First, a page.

Scientists at the University of Saskatchewan have developed and tested a prototype vaccine that could protect the North American swine industry from a virus that has killed more than eight million pigs since 2013.
Called the Porcine Epidemic Diarrhea Virus (PEDV), this virus hit the U.S. in 2013 and spread to Canada in 2014. According to a University of Saskatchewan press release, it was first discovered in Europe, and has become problematic in Asian countries. PEDV occurs only in pigs and can kill up to 100 per cent of infected piglets. It’s a coronavirus, a virus group which includes important emerging human diseases such as SARS and MERS.
To address the problem, the university’s Vaccine and Infectious Disease Organization-International Vaccine Centre (VIDO-InterVac) launched a vaccine development project using its new containment Level 3 facility. “Our new facility, InterVac, provided us with the containment infrastructure to develop a vaccine and demonstrate it protected up to 100 per cent of the piglets,” says Dr. Volker Gerdts, research director of VIDO-InterVac.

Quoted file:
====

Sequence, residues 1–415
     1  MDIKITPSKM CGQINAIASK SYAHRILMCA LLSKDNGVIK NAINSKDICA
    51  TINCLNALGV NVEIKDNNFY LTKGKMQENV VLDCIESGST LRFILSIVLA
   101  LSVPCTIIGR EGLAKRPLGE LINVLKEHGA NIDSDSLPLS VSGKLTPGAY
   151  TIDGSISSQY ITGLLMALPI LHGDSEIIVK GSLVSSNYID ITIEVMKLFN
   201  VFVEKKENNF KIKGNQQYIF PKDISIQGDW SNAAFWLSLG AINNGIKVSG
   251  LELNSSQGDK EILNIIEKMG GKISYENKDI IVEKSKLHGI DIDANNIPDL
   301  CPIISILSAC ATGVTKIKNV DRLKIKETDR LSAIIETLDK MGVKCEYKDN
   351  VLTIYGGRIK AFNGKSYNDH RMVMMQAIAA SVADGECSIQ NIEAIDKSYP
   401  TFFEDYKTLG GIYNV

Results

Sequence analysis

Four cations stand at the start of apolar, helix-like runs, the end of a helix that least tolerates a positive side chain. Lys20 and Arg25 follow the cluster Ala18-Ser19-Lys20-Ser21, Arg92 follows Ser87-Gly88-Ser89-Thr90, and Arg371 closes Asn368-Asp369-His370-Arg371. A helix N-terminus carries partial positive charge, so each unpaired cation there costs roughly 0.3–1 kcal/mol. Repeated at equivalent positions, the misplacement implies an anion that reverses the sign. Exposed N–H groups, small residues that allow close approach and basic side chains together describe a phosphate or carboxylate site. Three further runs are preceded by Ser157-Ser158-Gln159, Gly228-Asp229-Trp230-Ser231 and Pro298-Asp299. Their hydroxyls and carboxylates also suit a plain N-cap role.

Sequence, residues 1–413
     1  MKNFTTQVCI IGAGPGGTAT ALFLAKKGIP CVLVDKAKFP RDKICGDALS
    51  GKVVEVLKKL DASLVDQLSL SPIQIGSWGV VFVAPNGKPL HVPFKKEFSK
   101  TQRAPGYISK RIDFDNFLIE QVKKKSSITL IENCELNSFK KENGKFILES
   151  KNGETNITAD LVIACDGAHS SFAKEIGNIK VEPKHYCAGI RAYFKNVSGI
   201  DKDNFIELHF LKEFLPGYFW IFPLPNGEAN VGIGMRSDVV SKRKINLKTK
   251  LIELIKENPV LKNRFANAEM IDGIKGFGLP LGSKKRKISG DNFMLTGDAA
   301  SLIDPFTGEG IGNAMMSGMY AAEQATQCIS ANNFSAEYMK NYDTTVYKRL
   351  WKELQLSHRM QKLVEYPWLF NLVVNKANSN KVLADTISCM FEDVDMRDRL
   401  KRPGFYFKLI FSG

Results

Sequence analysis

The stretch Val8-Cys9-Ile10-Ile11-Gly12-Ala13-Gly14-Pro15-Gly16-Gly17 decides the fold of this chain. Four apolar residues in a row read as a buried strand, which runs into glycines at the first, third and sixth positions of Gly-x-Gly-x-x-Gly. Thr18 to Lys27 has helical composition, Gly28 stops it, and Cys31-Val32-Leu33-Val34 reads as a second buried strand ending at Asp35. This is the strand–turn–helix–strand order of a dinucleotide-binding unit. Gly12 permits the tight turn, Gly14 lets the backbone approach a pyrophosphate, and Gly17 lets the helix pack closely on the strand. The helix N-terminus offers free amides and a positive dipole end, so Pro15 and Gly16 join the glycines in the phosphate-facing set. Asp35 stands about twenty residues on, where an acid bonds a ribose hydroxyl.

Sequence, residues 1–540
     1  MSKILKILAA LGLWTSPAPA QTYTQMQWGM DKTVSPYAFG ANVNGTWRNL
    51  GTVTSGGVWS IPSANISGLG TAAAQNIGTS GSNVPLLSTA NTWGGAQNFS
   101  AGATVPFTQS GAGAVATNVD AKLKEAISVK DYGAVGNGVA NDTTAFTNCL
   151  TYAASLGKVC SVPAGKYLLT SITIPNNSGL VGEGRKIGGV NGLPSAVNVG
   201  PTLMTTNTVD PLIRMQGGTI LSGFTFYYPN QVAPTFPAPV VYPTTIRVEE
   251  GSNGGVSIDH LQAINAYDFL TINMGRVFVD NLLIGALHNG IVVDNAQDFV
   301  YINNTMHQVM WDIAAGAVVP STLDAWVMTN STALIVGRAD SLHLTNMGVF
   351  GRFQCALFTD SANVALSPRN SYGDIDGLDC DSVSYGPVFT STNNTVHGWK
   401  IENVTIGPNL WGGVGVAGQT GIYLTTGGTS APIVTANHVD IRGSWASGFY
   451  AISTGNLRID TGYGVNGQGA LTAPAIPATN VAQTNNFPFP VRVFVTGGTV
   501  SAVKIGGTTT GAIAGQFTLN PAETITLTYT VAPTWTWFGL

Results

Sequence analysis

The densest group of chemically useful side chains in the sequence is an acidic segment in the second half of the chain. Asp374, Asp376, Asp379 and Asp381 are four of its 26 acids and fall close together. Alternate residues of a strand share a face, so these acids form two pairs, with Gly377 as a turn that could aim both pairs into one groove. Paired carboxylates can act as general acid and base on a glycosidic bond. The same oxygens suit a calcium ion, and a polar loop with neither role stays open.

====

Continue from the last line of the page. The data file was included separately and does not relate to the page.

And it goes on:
The successful vaccine results have attracted the interest of several animal health companies including Huvepharma, which has partnered with VIDO-InterVac to develop the technology for commercial production in North America. “This is an exciting partnership with a world-class organization,” says Dr. Boris Gavrilov, senior scientist for biologics development at Huvepharma. “Our goal is to have the vaccine available for commercial use as soon as possible to help stop producer losses.”
The vaccine is now undergoing field testing in Saskatchewan, as well as in Manitoba where it is being used to help protect piglets from a recent PEDV outbreak. “This is great news for the swine industry both in Canada and globally, as PEDV continues to threaten unaffected regions and impact areas where it is already present,” says Sask Pork general manager Neil Ketilson.
The PEDV vaccine development project has been supported by a variety of funders, including the Government of Saskatchewan (ADF), Sask Pork, and the Canadian Swine Health Network.